The two stories "The Darling" by Anton Chekhov and "Winter Dreams" by F. Scott Fitzgerald both revolve around love. Olenka in "The Darling" and Dexter in "Winter Dreams", both make sense of the world around them through love. However in the case of Olenka, love is a means of having opinions for herself, which she derives from those whom she loves, while for Dexter, love helps him to be attuned to life and view the world as something in which he would glory and directs all his dreams on his lover, Judy Jones.
In the story "The Darling", the author portrays love in a way that cannot be viewed as love based on romance or money. Olenka did not love her husbands due to reasons such as physical attraction or impressive personalities. This is clear since her first husband, Kukin is described as "a small thin man, with a yellow face, and curls combed forward on his forehead" (Anton Chekhov 280), and he is certainly not the kind of man any woman would fall for naturally.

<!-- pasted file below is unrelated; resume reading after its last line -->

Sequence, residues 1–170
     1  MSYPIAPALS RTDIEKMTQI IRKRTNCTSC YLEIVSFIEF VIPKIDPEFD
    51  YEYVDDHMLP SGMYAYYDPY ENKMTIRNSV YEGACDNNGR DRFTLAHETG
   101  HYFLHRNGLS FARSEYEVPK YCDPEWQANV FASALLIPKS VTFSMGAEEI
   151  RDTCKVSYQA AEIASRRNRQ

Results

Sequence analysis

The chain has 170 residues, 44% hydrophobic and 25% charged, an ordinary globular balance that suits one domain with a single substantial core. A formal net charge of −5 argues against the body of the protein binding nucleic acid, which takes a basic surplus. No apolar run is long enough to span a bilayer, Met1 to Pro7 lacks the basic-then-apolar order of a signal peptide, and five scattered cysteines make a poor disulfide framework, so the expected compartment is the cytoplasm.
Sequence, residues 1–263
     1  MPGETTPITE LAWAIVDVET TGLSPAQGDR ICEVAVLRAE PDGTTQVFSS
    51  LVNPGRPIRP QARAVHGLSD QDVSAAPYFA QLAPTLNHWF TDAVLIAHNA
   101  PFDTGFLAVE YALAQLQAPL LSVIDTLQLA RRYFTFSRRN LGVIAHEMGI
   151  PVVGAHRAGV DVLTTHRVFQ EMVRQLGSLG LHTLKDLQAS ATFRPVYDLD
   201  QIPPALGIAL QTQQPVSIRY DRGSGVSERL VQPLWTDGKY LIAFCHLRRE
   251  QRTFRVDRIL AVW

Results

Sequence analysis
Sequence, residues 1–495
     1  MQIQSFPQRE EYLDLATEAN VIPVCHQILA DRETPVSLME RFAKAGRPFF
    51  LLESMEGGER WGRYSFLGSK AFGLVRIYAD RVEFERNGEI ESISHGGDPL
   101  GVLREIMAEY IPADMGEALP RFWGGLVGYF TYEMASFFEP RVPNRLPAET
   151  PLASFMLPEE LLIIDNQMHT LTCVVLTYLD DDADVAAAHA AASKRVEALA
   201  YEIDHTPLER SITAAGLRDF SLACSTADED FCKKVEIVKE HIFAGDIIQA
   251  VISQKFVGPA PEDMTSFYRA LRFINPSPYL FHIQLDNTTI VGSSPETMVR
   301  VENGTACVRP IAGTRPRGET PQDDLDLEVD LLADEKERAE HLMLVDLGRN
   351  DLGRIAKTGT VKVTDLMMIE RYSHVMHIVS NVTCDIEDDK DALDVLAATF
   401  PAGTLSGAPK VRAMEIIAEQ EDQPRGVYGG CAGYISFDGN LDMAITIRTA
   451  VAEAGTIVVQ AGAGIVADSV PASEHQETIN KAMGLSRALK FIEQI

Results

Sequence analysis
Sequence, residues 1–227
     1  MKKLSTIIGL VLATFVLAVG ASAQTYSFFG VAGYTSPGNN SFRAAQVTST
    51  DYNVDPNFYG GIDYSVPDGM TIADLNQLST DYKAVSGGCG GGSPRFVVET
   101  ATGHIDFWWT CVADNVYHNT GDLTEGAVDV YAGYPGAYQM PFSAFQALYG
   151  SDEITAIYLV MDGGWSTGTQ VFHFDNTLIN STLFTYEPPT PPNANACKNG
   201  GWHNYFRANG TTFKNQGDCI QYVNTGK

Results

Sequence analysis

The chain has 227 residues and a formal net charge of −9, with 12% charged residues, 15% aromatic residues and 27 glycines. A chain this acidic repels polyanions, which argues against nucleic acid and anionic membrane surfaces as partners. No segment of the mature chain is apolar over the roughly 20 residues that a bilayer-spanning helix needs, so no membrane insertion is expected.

Yet Olenka agreed to marry him due to other reasons.
Olenka, in fact, was driven to her husbands because she had empathy for them for their sufferings. She sympathized with Kukin, for example, for his financial troubles and agreed to marry him and help him by devoting herself to her husband's work and life. She was dutiful to the people whom she loved and she never bothered love in return. This can be interpreted from her relationship with the young boy Sashenka. Sashenka was unwilling to accept her love which is evident when he made offending remarks such as "Oh, do leave me alone!" and "You'd better go home, auntie", when Olenka was actually trying to help him and...